Alex Enumah in Abuja
Justice Obiora Egwuatu of a Federal High Court, Abuja on Thursday, ordered the Independent National Electoral Commission, (INEC) to allow eligible voters with the Temporary Voter Cards, (TVC) participate in the March 18 governorship and state houses of assembly elections.
Justice Egwuatu made the order while delivering judgment in a suit filed by two aggrieved Nigerians seeking the use of TVCs in the general elections in the absence of the Permanent Voter Cards, (PVCs).
The judge predicated the order on the grounds that the plaintiffs were duly registered and captured in INEC’s database.
“An order is made compelling the defendant (INEC) to allow the plaintiffs to vote using their Temporary Voter Cards issued by the defendant, the plaintiffs having been duly captured in the National Register of Voter’s database.
” A declaration is made by this court that the plaintiffs, having fulfilled all necessary legal requirements to register and having consequently been captured in the defendant’s (INEC’s) central database and manual, printed paper based record or hard copy format of the defendant’s maintained Register of Voters, the plaintiffs are entitled to vote using their Temporary Voter Cards in the forthcoming 2023 General Election,” the judge said.
Justice Egwuatu however, stated that he was unable to grant the third prayer of the plaintiffs which was seeking to allow every eligible voter with a TVC to vote because the suit was not filed in a representative capacity.
“This suit having not been brought in a representative capacity, I find myself unable to grant any relief pursuant to prayer three of the plaintiffs application.”
The court held that there was no portion of the law, both the 1999 Constitution and the Electoral Act that states that it is only PVCs that could be used, but that the law under Section 47 provided for a voter’s card.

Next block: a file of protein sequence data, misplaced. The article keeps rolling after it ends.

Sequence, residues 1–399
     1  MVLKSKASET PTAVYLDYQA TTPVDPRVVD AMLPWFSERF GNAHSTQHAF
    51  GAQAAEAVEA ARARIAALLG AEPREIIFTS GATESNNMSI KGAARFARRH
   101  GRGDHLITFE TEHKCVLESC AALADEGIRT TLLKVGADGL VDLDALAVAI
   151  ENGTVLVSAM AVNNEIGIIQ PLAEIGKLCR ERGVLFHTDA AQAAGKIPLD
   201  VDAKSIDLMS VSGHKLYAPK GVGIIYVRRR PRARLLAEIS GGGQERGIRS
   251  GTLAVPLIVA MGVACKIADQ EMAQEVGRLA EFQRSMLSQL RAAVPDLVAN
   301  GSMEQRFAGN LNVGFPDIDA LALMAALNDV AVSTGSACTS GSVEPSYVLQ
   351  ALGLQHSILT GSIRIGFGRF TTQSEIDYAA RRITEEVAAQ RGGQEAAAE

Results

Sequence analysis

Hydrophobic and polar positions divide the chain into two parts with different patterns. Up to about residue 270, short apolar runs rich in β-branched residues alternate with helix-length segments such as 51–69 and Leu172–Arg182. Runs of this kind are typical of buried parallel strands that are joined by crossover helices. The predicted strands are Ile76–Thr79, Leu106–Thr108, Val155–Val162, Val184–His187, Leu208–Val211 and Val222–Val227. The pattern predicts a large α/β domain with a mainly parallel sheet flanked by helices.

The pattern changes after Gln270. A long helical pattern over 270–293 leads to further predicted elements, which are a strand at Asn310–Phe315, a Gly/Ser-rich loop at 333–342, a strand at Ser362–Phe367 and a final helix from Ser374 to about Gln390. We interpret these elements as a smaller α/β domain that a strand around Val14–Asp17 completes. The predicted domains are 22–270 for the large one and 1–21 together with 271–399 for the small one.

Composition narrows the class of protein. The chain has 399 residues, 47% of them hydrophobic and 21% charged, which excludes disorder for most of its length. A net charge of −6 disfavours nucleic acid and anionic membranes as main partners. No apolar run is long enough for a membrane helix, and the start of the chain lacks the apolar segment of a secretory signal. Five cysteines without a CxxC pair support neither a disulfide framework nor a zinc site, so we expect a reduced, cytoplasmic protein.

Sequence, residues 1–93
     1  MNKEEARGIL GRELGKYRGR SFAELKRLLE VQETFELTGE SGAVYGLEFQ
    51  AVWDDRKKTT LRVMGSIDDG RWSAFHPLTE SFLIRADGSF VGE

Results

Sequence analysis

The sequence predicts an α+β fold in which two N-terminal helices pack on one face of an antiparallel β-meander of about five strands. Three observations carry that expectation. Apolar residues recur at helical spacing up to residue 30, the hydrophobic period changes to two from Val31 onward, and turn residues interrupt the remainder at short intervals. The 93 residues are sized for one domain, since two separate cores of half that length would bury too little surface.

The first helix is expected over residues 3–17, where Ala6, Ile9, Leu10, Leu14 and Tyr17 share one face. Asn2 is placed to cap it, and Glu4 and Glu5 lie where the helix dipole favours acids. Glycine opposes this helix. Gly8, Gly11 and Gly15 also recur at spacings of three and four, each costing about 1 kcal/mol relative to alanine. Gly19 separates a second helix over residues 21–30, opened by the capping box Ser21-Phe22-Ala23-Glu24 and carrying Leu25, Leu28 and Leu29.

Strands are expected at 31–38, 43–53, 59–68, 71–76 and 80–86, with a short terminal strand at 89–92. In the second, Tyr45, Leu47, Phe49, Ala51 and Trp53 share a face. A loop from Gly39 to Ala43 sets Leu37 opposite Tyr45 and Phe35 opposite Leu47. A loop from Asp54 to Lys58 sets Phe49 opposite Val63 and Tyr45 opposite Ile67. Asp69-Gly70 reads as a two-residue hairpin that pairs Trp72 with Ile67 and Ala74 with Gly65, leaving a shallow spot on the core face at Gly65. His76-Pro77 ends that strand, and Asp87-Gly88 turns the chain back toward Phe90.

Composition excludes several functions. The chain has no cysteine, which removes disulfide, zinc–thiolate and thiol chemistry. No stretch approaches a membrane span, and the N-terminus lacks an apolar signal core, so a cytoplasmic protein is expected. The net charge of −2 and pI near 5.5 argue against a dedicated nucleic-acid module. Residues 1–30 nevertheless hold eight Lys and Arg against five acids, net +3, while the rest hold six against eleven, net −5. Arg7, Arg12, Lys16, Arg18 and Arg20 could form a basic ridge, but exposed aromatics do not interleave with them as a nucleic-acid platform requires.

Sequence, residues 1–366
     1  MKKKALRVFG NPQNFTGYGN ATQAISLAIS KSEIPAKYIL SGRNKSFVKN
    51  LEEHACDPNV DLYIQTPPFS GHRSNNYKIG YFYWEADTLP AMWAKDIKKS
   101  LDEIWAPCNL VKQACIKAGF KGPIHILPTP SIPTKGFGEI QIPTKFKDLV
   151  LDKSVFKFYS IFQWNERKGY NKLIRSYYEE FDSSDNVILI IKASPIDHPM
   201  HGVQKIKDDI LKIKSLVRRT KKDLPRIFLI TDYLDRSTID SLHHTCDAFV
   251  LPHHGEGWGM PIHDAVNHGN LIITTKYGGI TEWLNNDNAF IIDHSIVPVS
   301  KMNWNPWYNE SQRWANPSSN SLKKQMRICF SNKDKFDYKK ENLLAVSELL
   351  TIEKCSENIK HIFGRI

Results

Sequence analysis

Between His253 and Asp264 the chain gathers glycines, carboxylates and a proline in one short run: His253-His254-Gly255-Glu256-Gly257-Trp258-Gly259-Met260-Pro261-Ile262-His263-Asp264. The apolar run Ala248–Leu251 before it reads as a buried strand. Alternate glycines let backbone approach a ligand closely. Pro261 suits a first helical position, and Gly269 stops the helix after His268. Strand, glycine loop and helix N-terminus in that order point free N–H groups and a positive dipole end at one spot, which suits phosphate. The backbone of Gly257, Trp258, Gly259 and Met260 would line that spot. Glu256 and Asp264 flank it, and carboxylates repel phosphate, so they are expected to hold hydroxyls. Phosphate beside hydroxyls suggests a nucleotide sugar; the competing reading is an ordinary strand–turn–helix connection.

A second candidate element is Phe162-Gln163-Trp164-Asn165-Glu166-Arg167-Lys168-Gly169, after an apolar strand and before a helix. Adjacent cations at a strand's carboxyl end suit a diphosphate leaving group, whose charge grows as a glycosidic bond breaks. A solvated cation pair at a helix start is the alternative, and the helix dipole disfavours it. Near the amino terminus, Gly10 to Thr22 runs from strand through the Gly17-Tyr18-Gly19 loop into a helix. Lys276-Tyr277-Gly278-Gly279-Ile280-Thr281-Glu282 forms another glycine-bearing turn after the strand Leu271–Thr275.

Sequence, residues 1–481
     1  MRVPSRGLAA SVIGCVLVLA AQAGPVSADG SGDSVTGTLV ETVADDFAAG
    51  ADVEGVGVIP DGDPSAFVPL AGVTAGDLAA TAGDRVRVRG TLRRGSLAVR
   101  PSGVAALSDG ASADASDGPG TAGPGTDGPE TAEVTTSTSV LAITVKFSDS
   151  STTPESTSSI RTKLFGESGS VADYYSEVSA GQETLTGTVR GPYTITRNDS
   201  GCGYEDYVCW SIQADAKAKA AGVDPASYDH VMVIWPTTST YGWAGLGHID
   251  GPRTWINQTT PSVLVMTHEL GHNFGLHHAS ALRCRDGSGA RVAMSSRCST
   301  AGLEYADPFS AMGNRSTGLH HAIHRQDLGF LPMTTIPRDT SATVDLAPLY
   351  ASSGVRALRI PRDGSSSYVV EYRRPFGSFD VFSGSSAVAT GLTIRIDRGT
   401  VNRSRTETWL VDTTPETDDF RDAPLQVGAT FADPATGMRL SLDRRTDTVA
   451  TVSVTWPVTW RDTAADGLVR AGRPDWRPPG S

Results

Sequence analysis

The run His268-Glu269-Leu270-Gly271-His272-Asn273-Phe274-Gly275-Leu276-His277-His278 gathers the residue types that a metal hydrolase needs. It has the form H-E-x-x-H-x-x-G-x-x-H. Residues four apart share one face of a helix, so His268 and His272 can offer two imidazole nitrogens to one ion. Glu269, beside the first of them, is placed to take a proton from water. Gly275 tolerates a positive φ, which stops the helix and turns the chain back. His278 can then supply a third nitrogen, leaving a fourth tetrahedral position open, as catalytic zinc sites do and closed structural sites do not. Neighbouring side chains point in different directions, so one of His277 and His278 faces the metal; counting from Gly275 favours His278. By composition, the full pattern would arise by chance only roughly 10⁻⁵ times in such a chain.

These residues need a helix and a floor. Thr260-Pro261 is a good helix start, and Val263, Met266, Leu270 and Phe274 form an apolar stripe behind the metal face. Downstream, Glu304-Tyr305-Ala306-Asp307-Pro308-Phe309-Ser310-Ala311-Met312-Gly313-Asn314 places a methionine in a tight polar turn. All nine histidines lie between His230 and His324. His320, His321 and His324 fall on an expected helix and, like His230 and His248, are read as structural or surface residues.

Speaking to newsmen, counsel to the plaintiffs, Mr Victor Opatola said that the judgment was a win for all Nigerians who suffered to get registered to vote, were duly registered but due to no fault of theirs could not get their PVCs before the election.
According to Opatola, since my clients had fulfilled all necessary requirements by law but were not issued their PVCs until the time for collection of PVCs was over, they should not be allowed to suffer.
The lawyer also said that it was the law of equity that what applied to the goose should also apply to the gander.
“So what the court is saying is that these two people who have fulfilled all necessary requirements can vote with their TVCs, then by law of equity, it should also apply to all Nigerians who have fulfilled all necessary requirements and were issued TVCs by INEC.”
He maintained that this should be so because the content of the TVC was the same as the content of the PVC and the only difference was the plastic used for the PVC.
Recall that INEC had repeatedly held that only eligible voters with the PVCs would be allowed to vote in the 2023 presidential, governorship and parliamentary elections.
However, the plaintiffs, Kofoworola Olusegun and Wilson Allwell in the suit filed on Feb. 8 and marked FHC/ABJ/CS/180/2023, challenged the position of INEC and asked the court to determine “Whether by the true construction and interpretation of section 10(2), 12(1) and 47 of the Electoral Act 2022; Section 77(2) and 132(5) of the 1999 constitution (as amended), and bearing in mind that the Bimodal Voters Accreditation System (BVAS) machine introduced by INEC only needs the thumbprint and/or facial recognition to accredit a voter.
Besides they prayed for, “An order compelling INEC to allow the plaintiff to vote using the TVC issued by INEC, the plaintiff having been duly captured in the national register of voter’s database.
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